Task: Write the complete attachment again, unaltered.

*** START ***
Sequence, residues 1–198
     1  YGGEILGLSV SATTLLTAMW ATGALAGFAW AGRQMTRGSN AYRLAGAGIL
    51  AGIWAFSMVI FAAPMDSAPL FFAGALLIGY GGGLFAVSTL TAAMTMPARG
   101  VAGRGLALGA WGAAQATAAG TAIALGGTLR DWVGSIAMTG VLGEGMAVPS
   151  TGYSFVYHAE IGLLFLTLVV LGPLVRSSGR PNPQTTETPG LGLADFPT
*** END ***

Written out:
Sequence, residues 1–198
     1  YGGEILGLSV SATTLLTAMW ATGALAGFAW AGRQMTRGSN AYRLAGAGIL
    51  AGIWAFSMVI FAAPMDSAPL FFAGALLIGY GGGLFAVSTL TAAMTMPARG
   101  VAGRGLALGA WGAAQATAAG TAIALGGTLR DWVGSIAMTG VLGEGMAVPS
   151  TGYSFVYHAE IGLLFLTLVV LGPLVRSSGR PNPQTTETPG LGLADFPT